Internet Payments

Secure & Reliable

Your data is encrypted and secure with us.
Godaddyseal image
VeraSafe Security Seal

Lethbridge Herald Newspaper Archives

- Page 7

Join us for 7 days to view your results

Enter your details to get started

or Login

What will you discover?

  • 108,666,265 Obituaries
  • 86,129,063 Archives
  • Birth & Marriages
  • Arrests & legal notices
  • And so much more
Issue Date:
Pages Available: 24

Search All United States newspapers

Research your ancestors and family tree, historical events, famous people and so much more!

Browse U.S. Newspaper Archives


Select the state you are looking for from the map or the list below

OCR Text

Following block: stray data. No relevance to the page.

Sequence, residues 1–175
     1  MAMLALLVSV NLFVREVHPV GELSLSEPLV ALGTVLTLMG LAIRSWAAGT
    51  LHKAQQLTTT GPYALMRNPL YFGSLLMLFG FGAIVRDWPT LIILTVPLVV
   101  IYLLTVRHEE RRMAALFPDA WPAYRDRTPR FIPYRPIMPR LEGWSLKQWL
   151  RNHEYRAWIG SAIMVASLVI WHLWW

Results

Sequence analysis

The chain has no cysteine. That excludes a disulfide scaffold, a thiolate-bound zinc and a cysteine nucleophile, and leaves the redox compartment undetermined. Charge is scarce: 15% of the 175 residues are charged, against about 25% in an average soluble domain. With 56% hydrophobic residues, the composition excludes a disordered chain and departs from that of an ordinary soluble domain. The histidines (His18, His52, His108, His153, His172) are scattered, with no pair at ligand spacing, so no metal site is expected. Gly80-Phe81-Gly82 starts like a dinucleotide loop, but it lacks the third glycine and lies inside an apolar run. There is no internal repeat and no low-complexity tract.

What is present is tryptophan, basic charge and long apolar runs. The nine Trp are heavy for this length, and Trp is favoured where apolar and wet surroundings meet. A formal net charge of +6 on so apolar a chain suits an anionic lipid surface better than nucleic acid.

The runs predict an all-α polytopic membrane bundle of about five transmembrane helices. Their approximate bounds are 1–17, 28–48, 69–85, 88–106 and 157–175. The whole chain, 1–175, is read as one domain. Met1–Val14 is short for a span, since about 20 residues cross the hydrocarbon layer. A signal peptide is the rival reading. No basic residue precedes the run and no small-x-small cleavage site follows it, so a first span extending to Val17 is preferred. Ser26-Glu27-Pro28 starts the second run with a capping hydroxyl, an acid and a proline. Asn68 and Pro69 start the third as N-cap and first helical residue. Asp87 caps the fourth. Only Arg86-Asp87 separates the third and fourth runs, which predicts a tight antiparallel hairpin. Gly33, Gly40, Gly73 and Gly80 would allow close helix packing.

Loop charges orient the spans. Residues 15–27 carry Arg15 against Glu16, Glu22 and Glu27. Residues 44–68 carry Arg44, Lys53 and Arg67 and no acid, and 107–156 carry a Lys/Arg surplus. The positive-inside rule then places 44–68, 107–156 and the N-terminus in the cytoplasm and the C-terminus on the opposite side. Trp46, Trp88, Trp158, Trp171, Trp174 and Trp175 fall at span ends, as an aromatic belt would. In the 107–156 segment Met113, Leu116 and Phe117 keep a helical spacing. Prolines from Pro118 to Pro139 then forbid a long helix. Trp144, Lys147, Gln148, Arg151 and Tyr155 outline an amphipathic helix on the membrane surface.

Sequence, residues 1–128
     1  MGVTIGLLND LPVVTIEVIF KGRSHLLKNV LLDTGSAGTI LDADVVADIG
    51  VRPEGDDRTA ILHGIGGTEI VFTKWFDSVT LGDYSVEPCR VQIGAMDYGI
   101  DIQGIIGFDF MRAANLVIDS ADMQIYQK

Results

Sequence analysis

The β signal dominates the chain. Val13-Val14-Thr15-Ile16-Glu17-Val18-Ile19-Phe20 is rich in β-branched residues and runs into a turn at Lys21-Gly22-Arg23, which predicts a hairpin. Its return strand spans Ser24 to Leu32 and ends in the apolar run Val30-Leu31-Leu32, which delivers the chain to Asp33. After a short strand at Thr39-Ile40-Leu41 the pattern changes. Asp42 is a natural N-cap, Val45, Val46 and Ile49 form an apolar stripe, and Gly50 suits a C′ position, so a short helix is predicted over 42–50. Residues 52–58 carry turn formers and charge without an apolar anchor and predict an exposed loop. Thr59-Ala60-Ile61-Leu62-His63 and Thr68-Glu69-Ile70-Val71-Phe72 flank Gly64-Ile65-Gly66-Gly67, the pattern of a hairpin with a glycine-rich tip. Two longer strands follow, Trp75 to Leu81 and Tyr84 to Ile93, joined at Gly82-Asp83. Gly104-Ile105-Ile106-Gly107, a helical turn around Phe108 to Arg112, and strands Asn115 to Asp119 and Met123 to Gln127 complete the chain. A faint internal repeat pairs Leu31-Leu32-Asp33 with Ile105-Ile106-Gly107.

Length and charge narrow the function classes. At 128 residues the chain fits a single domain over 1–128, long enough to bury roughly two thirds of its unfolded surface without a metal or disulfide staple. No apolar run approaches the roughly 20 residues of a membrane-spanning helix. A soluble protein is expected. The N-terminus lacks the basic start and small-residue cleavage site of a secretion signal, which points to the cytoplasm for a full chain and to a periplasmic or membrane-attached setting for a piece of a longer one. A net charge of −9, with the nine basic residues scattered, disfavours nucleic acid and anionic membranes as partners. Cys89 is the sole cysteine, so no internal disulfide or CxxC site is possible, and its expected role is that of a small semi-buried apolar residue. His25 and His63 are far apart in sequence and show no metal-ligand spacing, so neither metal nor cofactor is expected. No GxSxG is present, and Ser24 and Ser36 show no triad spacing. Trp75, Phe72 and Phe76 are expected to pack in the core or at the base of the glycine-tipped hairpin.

Lethbridge Herald, The (Newspaper) - June 3, 1974, Lethbridge, Alberta Monday, 3, 1974 THE LETHBRIDGE HERALD 7 Wants to be himself in show biz Female impersonator plans change HOLLYWOOD (NEA) One of the hottest club acts these days is when Barbra Streisand, Judy Garland and Phyllis Diller come out and entertain then they all turn out to be Jim Bailey, doing his devastating impersonations. If you get a change to see Bailey in action, grab it quick, because he won't be doing it too much longer. Bailey says he hopes that, sooner or later, he'll be able to give up the impersonation business for good. He wants to be just himself, appearing as Jim Bailey and entertaining the public as Jim Bailey. Bailey objects, understandably, to the old term "female impersonator" for what he does. It has come to be sort of a sleazy term. He'd rather that you call what he does "character enactment." Whatever it's called, it's a smash. But it was only designed as a kind of stopgap, a gimmick with which he could establish himself. Gradually, he plans to faze it out of his act. Already he's dropped his Mae West "character enactment" completely. Bailey is a Philadelphian and his early goal was to be a concert pianist. But, after seven years of study, his teacher said, fou don't have you ever considered So he considered singing. He was doing fair to OK as a singer, but no more. That is when he decided he had to Cannes international film festival event has purpose Help raises Canadian portrait photographer Youseff Karsh joins skating champion Karen Magnussen and Muscular Dystrophy Associationspostenchild Catherine Rowe in celebrating a complete sell-out of a recent Ice Capades benefit show. The per- formance helped raise for the health agency. Mr. Karsh donates his ser- vices by photographing the national poster children. Doldrums on Broadway deepen as season ends NEW YORK (AP) Broad- way's doldrums deepened ominously during the 1973-74 season now ending. Although box-office gross was up about million to million from the previous June-May season, there were many signs that Broadway is in for a long illness. Revivals and rehashes were big, along with shows snared from off-Broadway and regional groups formerly snubbed. Just 10 of 53 exhibits could be termed native originals, and only two promised backer payoff. The profession's awareness that the old theatrical grder DIETRICH DENTURE CLINIC ROSS HOSACK Certified Dtnttl Mechanic S 304 5th St. S. Ph. 327-7244 has changed drastically is evident in the five-day summit conference called FACT this week at Princeton, N.J. It is sponsored by the League of New York Theatres and other trade agencies. Research specialists have been invited, along with prominent people in public and private philanthropy. "Unless we all get together, we will sink said one member of the steering committee. The annual spate of prizes also reflects Broadway's pitiful regression. The Tony Award for best play went to The River Niger, which actually arrived last season from off-Broadway's Negro Ensemble Company. Best musical was Raisin, derived from Lorraine Hansberry's A Raisin in the Sun and first done by Wash- ington's Arena Stage. Rubbing Jolliffe Academy PRESENTS AN EVENING OF DANCE Mon. and Tiies., June 3rd and 4th p.m. Each Night YATES MEMORIAL CENTRE Tickets at Leisters the salt a little deeper, individual acting honors went to Michael Moriarty and Ed Flanders, who honed their talents mostly in regional playhouses. Theatre owners tried to keep customers coming between legit productions with stop-gap bookings of such other luminaries as Liza Minnelli, Bette Midler, Josephine Baker and Sammy Davis. Most were profitable, but there was less reward from revivals of such past hits as The Desert Song, The Iceman Cometh, A Streetcar Named Desire and The Pajama Game. Given okay OTTAWA (CP) The Canadian Radio-Television Commission (CRTC) has approved a bid to transfer 71- per-cent of the issued shares of CFAX Radio 1070 Limited ot Melco Management Ltd. of Victoria. The commission requires as a condition for approval, that within 90 days the new owner must submit proposals for providing increased coverage of local live community events and public affairs. The decision was effective immediately By VINCENT CANBY New York Times Service CANNES, France Almost anything you want to say about the just concluded, 27th Cannes international film festival is true, including the fact that the telephone service is sometimes so bad that people communicate between hotels via telegram. However, there is probably no other event on earth that could bring together, under one metaphorical roof, such dissimilar American achievers as Jack Valenti, Lind tDovelace, Susan Sontag, Verald Damiano and Izzy Stone. Cannes is an event with a purpose. These people did not necessarily show up at the same parties to eat the same pate but, at one point and another, they were all here, along with Francis Ford Coppola, whose film, "The won the festival's grand prize, and Jack Nicholson, who was named the best actor for his performance in "The Last Detail." Some of the other Americans who made it a point to be on hand were Robert Altman, whose "Thieves Like Us" was in the festival competition, Elliott Gould, Buck Henry and Irwin Shaw, the only American on the festival jury this year. Shaw's novel, "Evening in draws upon the author's visit to the 1970 festival. TOPLESS SUNBATHING What attracts everybody? The spectacle of topless sunbathing isn't all that fascinating, at least after a week or so. It isn't the opportunity to stand in the crowded lobby of the Carlton Hotel on a cold, rainy morning, everyone pointed in the same direction like grumpy seagulls, looking toward the door, waiting for the sun to appear. It isn't the great French cooking, which often isn't that great, especially since so many Americans, unused to SOUTHERN ALBERTA THEATRES Theatre "MASSACRE IN ROME" in color. Starring Richard Burt- on and Marceilo Tuesday, and Wednesday, June 3, 4, and 5. Monday show at p.m. ADULT, NOT SUITABLE FOR CHILDREN. FORT Theatre "ELECTRA GLIDE IN BLUE" in color. Monday, June 3 show at p.m. ADULT, NOT SUITABLE FOR CHILDREN. PINCHER Theatre "LADY THE BLUES" in color. Starring Diana Ross. Monday, Tuesday, and Wednesday. June 3, 4 and 5. Monday show at p.m. ADULT, NOT SUITABLE FOR CHILDREN. Theatre "PANCHO VILLA" in color. Starring Telly Sevalis. Mon- day. Tuesday, June 3. 4. Monday shows at and p.m. ADULT. THIS WEEK at the LEGION Returning By Popular Demand for Two Nights Only, Friday and Saturday. Hear The Golden Voice of Dennis Clancy and The Dancing Fingers of Arthur Spink in Three Shows Nightly. COME TO THE CABARET And Dance and Enjoy A Wee Breath of Scotland Dennis Clancy Arthur Spink COMN SERVICES DEPARTMENT BUG SWIMMING. AND Jut WW.. vWW AM Am AM mrnsKK Swim